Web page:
Teradata FAQ

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1Q 2002 FAQs Q1 What is the difference between a Teradata macro and a stored procedure? Which should : I use when? A1 Although both a macro and a stored procedure can, in Teradata, be used for some of the same : thingse.g., they both support parameterized SQLthey are really very different. A macro has very restricted control logic that is limited to performing or not performing ABORT statements, which undo changes. A stored procedure, on the other hand, supports extensive procedural logic and more sophisticated error handling. It can also perform looping logic or pass along statement values during a procedure. However, macros can return a multirow answer set, while stored procedures can only send back a single set of values through the parameter list. Under some conditions, such as the straightforward insert of multiple rows, a macro will perform better than a stored procedure because it bundles all statements into one multistatement requesa single parsing-and-recovery unit. Stored procedures do not support multistatement requests, and each insert within a procedure is sent individually to the parser and dispatched as a separate request, eliminating the potential for parallel single-row inserts. For simple activities, particularly those involving multiple, repetitious SQL or requiring multirow answer sets, use macros; where the required logic is beyond what a macro can accommodate, turn to stored procedures.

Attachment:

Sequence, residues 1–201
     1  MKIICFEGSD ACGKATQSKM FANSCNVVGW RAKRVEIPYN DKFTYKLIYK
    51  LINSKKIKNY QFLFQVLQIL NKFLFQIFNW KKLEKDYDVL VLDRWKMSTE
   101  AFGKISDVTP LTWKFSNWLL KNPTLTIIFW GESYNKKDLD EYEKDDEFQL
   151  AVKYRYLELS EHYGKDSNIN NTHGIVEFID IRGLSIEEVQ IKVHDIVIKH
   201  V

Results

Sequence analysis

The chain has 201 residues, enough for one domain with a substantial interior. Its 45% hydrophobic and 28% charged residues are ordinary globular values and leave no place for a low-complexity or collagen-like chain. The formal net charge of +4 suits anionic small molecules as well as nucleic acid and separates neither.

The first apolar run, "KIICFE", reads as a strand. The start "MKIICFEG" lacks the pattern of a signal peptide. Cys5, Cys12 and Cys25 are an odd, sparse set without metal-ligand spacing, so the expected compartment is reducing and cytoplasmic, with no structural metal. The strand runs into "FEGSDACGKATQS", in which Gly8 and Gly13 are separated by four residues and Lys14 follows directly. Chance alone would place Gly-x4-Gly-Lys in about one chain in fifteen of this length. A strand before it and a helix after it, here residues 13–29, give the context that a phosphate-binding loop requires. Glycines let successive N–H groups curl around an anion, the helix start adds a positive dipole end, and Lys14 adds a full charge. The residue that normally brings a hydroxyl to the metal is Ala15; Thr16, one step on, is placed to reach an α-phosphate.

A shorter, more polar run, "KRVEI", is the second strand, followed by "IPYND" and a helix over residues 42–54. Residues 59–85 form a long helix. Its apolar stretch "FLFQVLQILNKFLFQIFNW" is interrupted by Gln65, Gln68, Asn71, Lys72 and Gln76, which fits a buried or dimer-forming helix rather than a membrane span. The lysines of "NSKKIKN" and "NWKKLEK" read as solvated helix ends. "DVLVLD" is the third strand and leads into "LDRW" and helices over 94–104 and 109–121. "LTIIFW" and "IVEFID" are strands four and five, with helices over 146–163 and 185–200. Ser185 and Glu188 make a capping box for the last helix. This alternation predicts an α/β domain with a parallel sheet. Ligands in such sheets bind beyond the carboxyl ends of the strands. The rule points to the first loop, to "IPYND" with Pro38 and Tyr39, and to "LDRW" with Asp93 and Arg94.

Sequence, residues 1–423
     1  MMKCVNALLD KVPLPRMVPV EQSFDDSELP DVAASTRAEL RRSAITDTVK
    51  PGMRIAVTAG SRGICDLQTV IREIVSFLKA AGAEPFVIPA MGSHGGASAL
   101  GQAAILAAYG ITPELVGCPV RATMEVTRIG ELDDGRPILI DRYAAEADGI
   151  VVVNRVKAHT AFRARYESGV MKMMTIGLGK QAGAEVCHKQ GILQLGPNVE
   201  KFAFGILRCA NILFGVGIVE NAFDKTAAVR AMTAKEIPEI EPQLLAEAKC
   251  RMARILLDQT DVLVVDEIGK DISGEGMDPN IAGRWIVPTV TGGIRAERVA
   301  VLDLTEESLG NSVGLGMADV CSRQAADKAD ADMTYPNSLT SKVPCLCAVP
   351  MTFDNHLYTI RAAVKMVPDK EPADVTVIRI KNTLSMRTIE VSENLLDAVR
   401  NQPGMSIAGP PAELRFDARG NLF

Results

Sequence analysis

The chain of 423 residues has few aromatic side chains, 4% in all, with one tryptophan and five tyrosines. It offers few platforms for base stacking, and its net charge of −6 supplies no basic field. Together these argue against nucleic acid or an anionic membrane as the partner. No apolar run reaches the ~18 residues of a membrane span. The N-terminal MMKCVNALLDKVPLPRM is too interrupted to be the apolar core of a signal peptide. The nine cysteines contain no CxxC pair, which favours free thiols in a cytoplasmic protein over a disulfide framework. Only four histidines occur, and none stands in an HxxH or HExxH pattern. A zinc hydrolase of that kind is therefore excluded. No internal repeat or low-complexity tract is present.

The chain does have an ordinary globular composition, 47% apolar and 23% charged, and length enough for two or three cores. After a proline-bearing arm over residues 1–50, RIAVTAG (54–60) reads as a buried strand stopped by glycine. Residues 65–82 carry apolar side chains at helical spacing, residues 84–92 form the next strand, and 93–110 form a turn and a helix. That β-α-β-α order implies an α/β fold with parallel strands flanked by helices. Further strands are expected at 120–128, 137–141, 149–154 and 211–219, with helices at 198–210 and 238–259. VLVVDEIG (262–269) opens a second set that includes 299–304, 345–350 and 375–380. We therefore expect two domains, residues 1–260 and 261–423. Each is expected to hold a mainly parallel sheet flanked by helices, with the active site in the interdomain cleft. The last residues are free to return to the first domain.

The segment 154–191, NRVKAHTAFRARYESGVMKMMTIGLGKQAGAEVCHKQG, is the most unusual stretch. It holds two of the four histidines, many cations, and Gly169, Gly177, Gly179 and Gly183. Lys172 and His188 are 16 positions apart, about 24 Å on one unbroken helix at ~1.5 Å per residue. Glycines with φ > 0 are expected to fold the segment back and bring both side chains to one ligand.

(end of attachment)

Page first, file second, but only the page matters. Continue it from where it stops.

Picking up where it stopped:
Q2 How is data redistributed when I add new hardware to an existing Teradata : configuration? A2 A reconfiguration utility is provided with the DBMS to enable you to add new hardware with : minimal intervention and system unavailability. Hash buckets are assigned evenly across all parallel units (AMPs) within the Teradata system and are used by the file system to target data row placement so a table's data is evenly distributed across all AMPs. When new nodes (and with them new AMPs) are added, a subset of these hash buckets is reassigned in order to include the new nodes in the even spread of data. Data rows associated with the reassigned hash buckets are migrated onto the new AMPs on the new nodes. This utility only moves the proportion of data equivalent to the percentage of increase in number of AMPs, while leaving the majority of the rows untouched. All tables and indexes are automatically relocated over the internal high speed interconnect, in parallel on all nodes simultaneously, by issuing just a single command. When the reconfigure is complete, the entire system, including all tables and indexes, is immediately and fully available, without the need to rewrite load scripts or make any changes to jobs, queries or database parameters.